Now imagine a 12 year old from New Hampshire, dumped into that area, at that time. I came from Lisbon, NH were we had one ‘black family’, the Kimbers. Mr. Kimber was the plant manager at the local shoe manufacturing plant. Valerie was in my class, and her older brother “Kim” was a few years ahead of us. Lisbon had no segregation. So to see black students waiting until the last white kid got on the bus or for the last white girl to leave the bathroom before they could enter was unheard of to me. Mr. Ritter was my home room teacher. When I entered for the first time I headed for the only unoccupied desk . .I didn’t see the defined division of the colors. So I spent my homeroom time sitting with the ‘black kids’. Appropriate by Mr. Ritters standards as I was a “damn Yankee”, he considered it ‘where I belonged’.
    We never saw the black kids in our neighborhood area other than at the bus stop in the morning and again in the afternoon when we all got off the bus. They faded down the street took a right and ‘went down by the river’. I never went down by the river, until tonight, via Google Earth. I imagine in the 40+ years since I lived there that area has changed. The apartment building we lived in while there in 1968 still looks very much the same. A number of Army families lived in the same block as we did. Since their time at Ft. Lee was going to be short and no base housing was available at that time. Somewhere in my accumulation of books, pictures and memories . .I have a book that classmates from James E. Mallonee signed.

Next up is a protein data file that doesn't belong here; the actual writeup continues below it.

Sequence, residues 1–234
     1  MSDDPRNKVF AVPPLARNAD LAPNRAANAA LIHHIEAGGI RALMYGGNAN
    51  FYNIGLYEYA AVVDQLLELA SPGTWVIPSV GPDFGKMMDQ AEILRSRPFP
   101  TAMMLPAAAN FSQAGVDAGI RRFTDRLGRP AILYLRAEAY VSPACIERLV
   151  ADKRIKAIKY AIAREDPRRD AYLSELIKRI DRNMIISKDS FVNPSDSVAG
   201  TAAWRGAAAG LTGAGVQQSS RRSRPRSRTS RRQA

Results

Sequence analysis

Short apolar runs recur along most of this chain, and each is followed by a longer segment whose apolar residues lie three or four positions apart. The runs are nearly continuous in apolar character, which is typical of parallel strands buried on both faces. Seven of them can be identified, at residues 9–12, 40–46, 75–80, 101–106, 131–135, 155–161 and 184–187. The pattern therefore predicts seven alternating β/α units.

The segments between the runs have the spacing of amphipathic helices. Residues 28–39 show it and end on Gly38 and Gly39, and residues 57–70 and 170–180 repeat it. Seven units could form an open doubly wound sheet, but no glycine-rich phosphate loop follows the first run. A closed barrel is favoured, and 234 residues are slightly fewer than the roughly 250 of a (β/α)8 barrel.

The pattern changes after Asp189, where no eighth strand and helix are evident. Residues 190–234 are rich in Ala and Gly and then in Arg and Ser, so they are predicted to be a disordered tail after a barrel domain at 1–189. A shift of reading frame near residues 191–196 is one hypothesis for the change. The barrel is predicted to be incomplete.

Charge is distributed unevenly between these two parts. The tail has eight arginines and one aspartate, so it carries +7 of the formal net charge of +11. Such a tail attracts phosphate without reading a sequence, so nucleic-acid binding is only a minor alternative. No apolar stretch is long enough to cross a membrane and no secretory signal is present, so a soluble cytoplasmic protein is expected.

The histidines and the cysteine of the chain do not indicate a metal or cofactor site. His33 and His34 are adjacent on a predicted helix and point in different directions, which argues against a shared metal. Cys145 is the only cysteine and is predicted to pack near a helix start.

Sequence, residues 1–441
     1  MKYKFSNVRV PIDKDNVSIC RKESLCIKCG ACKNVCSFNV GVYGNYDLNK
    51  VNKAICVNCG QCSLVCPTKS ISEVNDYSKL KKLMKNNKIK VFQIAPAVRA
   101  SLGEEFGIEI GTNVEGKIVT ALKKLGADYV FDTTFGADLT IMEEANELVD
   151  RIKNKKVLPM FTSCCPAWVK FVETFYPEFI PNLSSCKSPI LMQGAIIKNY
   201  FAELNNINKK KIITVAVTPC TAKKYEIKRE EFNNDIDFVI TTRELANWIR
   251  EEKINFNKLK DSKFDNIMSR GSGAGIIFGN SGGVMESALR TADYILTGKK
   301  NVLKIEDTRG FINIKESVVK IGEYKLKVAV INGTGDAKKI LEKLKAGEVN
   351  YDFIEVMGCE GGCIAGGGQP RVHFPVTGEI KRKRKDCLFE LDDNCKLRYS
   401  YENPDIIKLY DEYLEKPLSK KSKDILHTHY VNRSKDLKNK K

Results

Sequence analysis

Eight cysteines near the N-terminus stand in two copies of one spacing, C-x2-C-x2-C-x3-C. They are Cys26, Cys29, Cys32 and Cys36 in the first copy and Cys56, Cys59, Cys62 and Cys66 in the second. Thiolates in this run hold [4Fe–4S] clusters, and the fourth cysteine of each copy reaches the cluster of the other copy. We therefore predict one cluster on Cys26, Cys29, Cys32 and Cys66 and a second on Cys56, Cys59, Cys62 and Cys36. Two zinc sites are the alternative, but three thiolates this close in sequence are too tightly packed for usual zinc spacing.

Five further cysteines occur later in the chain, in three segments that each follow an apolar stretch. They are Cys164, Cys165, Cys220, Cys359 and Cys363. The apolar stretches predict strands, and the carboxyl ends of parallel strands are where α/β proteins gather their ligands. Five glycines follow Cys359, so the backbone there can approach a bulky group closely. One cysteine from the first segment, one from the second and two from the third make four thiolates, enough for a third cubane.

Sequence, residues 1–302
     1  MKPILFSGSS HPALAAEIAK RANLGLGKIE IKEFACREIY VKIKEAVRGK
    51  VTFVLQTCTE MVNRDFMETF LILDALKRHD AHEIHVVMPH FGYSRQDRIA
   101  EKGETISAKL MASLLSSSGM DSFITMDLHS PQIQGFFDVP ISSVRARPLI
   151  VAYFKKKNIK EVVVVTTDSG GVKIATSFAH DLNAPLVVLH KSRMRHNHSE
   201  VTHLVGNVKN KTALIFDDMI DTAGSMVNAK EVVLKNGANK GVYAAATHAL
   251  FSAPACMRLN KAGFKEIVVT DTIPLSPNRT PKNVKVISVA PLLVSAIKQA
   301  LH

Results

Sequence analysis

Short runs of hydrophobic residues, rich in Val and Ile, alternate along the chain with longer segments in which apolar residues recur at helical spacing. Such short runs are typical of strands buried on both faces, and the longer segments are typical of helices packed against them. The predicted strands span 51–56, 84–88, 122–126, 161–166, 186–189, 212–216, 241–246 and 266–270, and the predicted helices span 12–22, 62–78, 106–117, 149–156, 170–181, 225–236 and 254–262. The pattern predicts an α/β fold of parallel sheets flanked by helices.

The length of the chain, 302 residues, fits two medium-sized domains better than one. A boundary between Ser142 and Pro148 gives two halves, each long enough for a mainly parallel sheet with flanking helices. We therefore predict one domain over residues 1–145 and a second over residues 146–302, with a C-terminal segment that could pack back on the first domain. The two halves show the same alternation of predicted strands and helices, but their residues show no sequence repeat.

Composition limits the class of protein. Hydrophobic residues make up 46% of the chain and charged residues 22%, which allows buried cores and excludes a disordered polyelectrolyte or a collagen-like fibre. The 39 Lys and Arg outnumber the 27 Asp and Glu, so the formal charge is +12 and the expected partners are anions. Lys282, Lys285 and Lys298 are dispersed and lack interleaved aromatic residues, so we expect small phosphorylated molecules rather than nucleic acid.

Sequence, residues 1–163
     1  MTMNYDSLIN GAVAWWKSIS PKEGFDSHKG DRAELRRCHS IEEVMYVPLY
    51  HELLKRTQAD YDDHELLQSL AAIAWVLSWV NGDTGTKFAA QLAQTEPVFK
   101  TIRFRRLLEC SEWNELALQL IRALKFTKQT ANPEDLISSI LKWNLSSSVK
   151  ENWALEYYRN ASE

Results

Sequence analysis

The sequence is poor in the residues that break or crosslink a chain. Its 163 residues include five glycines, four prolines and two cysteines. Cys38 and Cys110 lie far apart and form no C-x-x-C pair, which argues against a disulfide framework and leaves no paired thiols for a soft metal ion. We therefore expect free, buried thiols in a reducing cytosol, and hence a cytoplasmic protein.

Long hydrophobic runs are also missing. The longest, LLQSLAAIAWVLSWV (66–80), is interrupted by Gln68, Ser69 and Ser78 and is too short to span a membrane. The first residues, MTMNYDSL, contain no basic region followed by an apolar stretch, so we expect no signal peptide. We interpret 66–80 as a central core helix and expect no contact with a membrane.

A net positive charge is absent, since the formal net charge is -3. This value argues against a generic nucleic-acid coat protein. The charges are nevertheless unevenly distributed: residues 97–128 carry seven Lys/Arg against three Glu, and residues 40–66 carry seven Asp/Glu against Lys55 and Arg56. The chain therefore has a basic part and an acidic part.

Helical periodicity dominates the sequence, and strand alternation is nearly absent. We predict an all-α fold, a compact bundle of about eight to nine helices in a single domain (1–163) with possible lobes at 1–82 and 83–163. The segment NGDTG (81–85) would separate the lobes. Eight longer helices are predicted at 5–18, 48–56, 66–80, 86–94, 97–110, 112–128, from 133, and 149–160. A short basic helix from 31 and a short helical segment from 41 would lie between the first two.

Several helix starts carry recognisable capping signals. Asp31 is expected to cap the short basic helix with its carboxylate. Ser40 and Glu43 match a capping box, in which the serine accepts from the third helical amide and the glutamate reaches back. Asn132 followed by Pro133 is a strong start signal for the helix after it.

Thank you for recording that snapshot of the years of 1967-68.


  8. 04/28/2013 11:52 pm

    Good day! This is my first visit to your blog!
    We are a group of volunteers and starting a new initiative in a community in the same niche.

    Your blog provided us beneficial information to work on.
    You have done a extraordinary job!